To go where we have never been;
To be beyond our past."
~ Monks of Weston Priory, Spirit Alive
Embarking still on another transition, along this unfolding journey, I have just moved from my home of many years. There surely was no great distance involved, but anyone who has packed decades of their belongings and vacated their living space, can understand that geography carries a separate impact from that of leaving behind the stable place called home. And this implication takes so many forms in these times. When I completed graduate school, I left the place of employment at which I hard-worked a living for nearly 13 grueling years. In such long stretches of time, places can become deeply personalized- and even internalized. Places that are thoroughly intertwined with our days become the arenas in which major parts of our lives are staged. At that job, I saw a life’s spectrum of individuals, situations, and emotions, all in the intensity of human lives engaged in stressed employment. The day I carried out the last of my personal effects from "my" studio space, I filled my car with supplies, tools, and manuals- along with cases of music discs, wall decorations, and coffee cups. When I did that last once-over, before turning off the lights, the bare shell of a space had the ghostly look of a lifeless cavern. I subtly realized how humanity combined with ingenuity can animate an ordinary space, making it into a place which emanates creativity and color, as a soul inhabits a body.
The home I’ve inhabited and cherished for nearly twenty-two years is now in the past. Only months out of college, I carried those first crated bundles of books up the steep narrow stairs and through the door. The place was barely affordable, but minutes by bicycle from work. Over the years, those three modest rooms in the Victorian mansard became something equivalent to a favorite pair of shoes: not the flashiest, but comfy and versatile enough to be favored despite its flaws. Convenient and hospitable. And in various combinations of my circumstances changing, and my challenges to transform my own life, I would reshape my home in numerous ways. That little configuration of rooms and nooks was a quiet study and a sanctuary, as well as a place of celebration and dinner parties. And indeed, aloneness and grieving. My long sojourns with the Benedictine monks in Vermont taught me to transfigure a place of desolation into a venue of friendship and warmth. On one of my countless retreats at Weston, Brother Philip told me that "it isn’t enough to say welcome; you must be welcome." Such thoughts bring us to realize the distinction between place and presence.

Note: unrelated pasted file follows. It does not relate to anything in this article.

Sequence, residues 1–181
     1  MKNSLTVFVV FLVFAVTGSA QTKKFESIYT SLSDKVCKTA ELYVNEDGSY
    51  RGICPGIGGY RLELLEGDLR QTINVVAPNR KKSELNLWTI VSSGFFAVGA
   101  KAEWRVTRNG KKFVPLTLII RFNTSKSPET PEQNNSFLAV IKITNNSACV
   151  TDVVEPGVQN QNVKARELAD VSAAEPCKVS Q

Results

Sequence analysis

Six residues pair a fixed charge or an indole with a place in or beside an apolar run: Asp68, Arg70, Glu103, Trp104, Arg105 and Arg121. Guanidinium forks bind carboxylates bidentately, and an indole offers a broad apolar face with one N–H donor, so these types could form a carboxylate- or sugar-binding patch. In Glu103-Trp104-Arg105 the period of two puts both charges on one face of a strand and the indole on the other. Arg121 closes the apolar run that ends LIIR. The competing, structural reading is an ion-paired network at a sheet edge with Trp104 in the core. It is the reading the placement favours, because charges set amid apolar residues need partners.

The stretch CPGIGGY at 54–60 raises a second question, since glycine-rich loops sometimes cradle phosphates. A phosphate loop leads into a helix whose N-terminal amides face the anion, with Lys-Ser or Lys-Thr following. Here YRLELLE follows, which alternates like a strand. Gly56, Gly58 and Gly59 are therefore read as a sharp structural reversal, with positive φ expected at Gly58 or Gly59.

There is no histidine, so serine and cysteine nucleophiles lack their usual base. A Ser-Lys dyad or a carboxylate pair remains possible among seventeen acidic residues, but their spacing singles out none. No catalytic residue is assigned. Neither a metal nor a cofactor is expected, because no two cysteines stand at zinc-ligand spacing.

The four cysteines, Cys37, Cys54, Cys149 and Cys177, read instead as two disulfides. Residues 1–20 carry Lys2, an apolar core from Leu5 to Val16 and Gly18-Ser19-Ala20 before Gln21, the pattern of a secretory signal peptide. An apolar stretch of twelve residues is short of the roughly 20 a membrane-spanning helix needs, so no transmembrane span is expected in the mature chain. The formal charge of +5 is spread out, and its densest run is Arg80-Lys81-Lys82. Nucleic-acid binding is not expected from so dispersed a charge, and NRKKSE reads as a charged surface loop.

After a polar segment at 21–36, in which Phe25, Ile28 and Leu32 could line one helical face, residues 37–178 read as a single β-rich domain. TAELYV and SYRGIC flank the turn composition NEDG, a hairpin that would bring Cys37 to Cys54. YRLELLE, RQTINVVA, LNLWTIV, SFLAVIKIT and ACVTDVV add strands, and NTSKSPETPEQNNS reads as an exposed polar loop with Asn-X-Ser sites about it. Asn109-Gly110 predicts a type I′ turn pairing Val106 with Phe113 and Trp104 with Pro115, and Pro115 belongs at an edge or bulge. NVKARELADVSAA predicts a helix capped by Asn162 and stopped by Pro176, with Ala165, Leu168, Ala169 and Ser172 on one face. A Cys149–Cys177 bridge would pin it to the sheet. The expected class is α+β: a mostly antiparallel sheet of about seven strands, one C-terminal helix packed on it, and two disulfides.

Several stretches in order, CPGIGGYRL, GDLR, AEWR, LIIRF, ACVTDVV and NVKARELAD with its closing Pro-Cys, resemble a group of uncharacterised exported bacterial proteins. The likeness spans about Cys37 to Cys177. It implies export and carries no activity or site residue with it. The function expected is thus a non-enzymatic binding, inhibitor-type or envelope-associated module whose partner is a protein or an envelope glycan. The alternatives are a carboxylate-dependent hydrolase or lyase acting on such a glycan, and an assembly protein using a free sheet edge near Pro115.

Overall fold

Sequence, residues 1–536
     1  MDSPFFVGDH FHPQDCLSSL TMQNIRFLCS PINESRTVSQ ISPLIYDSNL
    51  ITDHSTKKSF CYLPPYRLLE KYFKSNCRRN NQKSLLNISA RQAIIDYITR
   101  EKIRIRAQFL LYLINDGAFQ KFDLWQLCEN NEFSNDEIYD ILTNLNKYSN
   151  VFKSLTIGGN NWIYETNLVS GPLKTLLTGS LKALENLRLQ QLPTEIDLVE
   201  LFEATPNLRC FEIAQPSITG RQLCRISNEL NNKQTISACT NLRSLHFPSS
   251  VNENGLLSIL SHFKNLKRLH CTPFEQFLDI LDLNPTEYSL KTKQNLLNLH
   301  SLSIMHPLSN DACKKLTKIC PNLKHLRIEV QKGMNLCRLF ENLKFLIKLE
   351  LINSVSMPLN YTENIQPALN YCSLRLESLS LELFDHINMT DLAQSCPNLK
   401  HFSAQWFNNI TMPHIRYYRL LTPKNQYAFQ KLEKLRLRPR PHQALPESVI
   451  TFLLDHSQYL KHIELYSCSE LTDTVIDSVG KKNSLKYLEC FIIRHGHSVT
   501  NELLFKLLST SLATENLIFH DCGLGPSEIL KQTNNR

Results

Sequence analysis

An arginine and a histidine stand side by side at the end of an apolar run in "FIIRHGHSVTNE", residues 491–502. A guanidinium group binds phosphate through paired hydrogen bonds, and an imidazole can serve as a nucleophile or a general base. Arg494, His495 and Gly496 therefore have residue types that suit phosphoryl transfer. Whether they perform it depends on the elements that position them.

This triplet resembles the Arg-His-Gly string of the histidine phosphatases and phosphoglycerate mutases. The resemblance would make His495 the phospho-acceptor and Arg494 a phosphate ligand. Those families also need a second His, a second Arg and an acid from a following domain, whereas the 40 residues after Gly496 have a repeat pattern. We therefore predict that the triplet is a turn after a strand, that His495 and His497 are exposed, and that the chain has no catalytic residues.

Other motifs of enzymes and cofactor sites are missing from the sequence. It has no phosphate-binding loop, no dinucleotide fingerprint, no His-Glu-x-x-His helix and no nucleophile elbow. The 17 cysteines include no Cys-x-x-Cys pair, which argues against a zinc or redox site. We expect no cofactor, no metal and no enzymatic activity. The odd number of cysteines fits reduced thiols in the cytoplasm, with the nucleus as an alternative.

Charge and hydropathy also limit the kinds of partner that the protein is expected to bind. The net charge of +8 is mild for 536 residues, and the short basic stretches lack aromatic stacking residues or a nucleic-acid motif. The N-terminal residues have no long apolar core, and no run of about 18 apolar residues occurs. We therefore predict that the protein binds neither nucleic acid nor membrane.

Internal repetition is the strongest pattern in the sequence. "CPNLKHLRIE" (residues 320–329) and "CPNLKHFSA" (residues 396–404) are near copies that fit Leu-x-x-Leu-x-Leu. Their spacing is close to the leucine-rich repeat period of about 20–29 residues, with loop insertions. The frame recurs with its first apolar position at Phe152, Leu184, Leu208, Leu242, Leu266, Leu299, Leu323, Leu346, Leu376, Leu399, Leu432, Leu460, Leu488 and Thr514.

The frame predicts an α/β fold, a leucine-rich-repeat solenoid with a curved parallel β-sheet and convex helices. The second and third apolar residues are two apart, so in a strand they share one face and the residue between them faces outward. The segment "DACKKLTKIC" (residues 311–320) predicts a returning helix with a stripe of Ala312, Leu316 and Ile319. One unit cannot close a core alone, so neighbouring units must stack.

Throughout these years, there have been numerous times for me to reflect upon the definition of home. What is home, and where is home? Is this something that can be provided, or withheld, or even created anywhere? An ancient monastic saying exhorts the seeker to "carry your cell with you, wherever you go." This surely addresses our contemporary nomadic lives, and how families tend to scatter between chasms of large distances. Clearly the most joyful recollections about my home are connected to how it became a place of gathering and kindredship, and doubtlessly that will continue in the new place. When contemplatives were enjoined to set forth with their "cells," my understanding is that it was to express that they should wear their spirit of welcome and compassion in all places and at all times. Yes, Spirit transcends space.
And now life evolves still further. Recent years have seen increments of transition, much of it intellectual and spiritual. Transmuting perspectives. Now there is a physical transference. In those instances when I’ve noticed myself dragging my own absurd self, kicking and screaming, into all that is good about new life, I’ve had to recall the intertwined nature of stress and turning-points. Now it is useful to be reminded that just as we find our footing, after welcoming gifts into our lives, we must then move those feet some more, even in a seemingly unknowing faith. Admittedly, moving on- whether metaphorically or physically- surfaces the immediate temptation of regretting the benefits we once had, but that is invariably surpassed by the brilliant expanse opening before us. The present and future needn’t be replications of past things which surely pale in comparison to what is yet to be created.
At home I experienced the full range of emotions-
lost love very painfully,
but found love, and was reassured of the miraculous
(see detail from top of wall, above, in picture below),
with a surpassing strength of hope and gratitude.